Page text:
Ravello paradiso in terra, Ann Major la principale scrittrice americana si confessa

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 Ann Major, la principale, e prolifica, scrittrice americana di romanzi, grandissima viaggiatrice, si confessa al New York Times “Il mio viaggio più memorabile è stato a Ravello in costiera amalfitana..stavo in un albergo a cinque stelle, un paradiso in terra..” Li la scrittrice si è ispirata anche ad un suo romanzo, ma pubblichiamo stralci, in anteprima in Italia su Positanonews , dell’intervista in inglese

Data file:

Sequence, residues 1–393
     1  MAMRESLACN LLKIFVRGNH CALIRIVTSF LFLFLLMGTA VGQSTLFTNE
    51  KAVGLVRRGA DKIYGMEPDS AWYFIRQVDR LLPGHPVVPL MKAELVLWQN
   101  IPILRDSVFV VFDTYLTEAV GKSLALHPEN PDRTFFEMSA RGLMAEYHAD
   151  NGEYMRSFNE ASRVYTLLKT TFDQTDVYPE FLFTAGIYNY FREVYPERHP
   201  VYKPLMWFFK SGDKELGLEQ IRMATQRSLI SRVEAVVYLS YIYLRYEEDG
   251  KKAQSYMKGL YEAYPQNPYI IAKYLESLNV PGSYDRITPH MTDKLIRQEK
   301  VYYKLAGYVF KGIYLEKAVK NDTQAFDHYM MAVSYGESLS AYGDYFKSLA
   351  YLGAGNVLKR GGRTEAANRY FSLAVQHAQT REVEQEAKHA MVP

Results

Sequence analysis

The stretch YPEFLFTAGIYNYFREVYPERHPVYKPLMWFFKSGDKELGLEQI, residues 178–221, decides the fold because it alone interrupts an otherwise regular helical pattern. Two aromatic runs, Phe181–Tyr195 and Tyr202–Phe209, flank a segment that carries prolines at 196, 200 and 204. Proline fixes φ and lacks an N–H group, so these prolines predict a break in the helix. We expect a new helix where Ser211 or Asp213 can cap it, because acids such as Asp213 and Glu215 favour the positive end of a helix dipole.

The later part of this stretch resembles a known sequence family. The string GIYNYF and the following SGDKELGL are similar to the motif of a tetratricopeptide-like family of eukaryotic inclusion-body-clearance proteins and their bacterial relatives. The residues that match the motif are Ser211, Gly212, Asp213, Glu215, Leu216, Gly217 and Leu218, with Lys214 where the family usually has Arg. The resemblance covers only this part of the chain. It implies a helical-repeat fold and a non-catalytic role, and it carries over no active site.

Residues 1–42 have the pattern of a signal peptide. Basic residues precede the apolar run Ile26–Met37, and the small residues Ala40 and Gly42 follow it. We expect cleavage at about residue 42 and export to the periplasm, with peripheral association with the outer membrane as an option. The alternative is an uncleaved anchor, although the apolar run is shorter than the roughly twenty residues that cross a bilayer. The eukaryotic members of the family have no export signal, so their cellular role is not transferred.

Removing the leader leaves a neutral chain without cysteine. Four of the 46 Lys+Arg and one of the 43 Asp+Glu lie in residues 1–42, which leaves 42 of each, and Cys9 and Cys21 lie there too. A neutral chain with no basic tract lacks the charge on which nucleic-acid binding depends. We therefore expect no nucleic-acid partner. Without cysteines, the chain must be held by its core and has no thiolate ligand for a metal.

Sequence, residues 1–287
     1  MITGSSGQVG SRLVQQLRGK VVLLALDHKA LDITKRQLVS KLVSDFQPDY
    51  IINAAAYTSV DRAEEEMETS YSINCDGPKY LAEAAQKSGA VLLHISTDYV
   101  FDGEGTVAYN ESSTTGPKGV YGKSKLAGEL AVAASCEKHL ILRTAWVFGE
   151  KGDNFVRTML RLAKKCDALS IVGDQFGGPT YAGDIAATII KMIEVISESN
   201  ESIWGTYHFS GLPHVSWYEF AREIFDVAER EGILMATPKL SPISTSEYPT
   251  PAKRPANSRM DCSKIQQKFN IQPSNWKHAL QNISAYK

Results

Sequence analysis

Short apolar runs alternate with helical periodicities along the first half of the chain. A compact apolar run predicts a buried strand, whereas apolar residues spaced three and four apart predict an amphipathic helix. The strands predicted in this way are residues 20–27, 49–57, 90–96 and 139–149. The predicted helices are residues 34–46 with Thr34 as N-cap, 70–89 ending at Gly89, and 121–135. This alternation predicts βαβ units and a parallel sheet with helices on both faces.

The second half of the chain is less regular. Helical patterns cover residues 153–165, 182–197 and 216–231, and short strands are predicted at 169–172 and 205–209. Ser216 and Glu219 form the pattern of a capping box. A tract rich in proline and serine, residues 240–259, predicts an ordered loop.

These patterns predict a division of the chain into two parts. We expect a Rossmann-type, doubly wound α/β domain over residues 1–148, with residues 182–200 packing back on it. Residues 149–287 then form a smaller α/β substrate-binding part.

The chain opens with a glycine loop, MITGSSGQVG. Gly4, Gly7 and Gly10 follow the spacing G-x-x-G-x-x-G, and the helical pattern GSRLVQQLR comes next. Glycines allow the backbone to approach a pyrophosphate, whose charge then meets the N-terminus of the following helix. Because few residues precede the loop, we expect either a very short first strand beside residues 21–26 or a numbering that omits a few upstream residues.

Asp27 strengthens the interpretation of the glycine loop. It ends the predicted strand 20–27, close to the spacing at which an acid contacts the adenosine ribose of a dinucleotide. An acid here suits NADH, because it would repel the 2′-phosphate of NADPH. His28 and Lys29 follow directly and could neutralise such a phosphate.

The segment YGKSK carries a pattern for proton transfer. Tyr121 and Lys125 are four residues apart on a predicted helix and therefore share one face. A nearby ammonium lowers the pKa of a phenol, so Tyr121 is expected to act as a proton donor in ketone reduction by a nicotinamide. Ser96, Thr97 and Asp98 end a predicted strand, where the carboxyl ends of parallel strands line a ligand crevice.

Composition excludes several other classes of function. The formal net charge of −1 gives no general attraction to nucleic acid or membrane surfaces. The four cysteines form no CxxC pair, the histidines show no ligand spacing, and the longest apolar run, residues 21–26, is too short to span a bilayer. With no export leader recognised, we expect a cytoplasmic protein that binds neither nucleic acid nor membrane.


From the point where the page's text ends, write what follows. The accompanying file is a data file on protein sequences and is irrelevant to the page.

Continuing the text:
Since 1980, prolific romance writer Ann Major has penned nearly 50 romance novels under her Major pseudonym and under her real name, Margaret Major Cleaves. The Texas native is a founding member of the legendary Romance Writers of America (RWA). The iconic Ann Major was gracious enough to take a few moments to be interviewed and by doing so made one of my dreams come true. What was the most memorable research trip you’ve made? I went to Ravello on the Amalfi Coast in Italy. Because I was meeting a stylish friend, my husband and I stayed in a five star hotel there that was heaven on earth. It was like being inside a Maxwell Parrish painting. While in Rome before driving down to Ravello, I met this lovely young couple at an outdoor restaurant near the Roman Steps. When the bill came, the Italian guy vanished for a very long time while his Australian date, a burned out attorney in search of her soul and other adventures remained to pay the bill. She told me the story of their romance which inspired in large part The Amalfi Bride. When I went to Rhodes, Greece, I was so inspired I came home and wrote A Cowboy and a Gentleman very quickly. Please share with us the most interesting stories law enforcement professionals have told you: I remember this detective told me he has nightmares about using his gun. When he gets ready to shoot, the bullets just drop out of the front of the gun. Are there any stories that have made you cry, laugh, stunned you or rendered you speechless when you heard it, that you had to incorporate them in your fiction? Yes — but being 65, I can’t’ remember them off the top of my head. What is the most memorable moment you’ve woven a story around? Oh, so many. I think the one that got me in trouble though was this one: My mother-in-law and father-in-law were having an argument in the car while in the middle of west Texas, which is very desolate. Furious, he stopped the car and got out to get a break from her. She pulled out a spare set of keys from her purse, slid over into the driver’s side, restarted the car and drove off without him — leaving him in the middle of nowhere. He had to hitchhike back to civilization. So I had this happen to my heroine. She argued with her headstrong mom and got out of car. My hero, a biker, picked the heroine up I believe.

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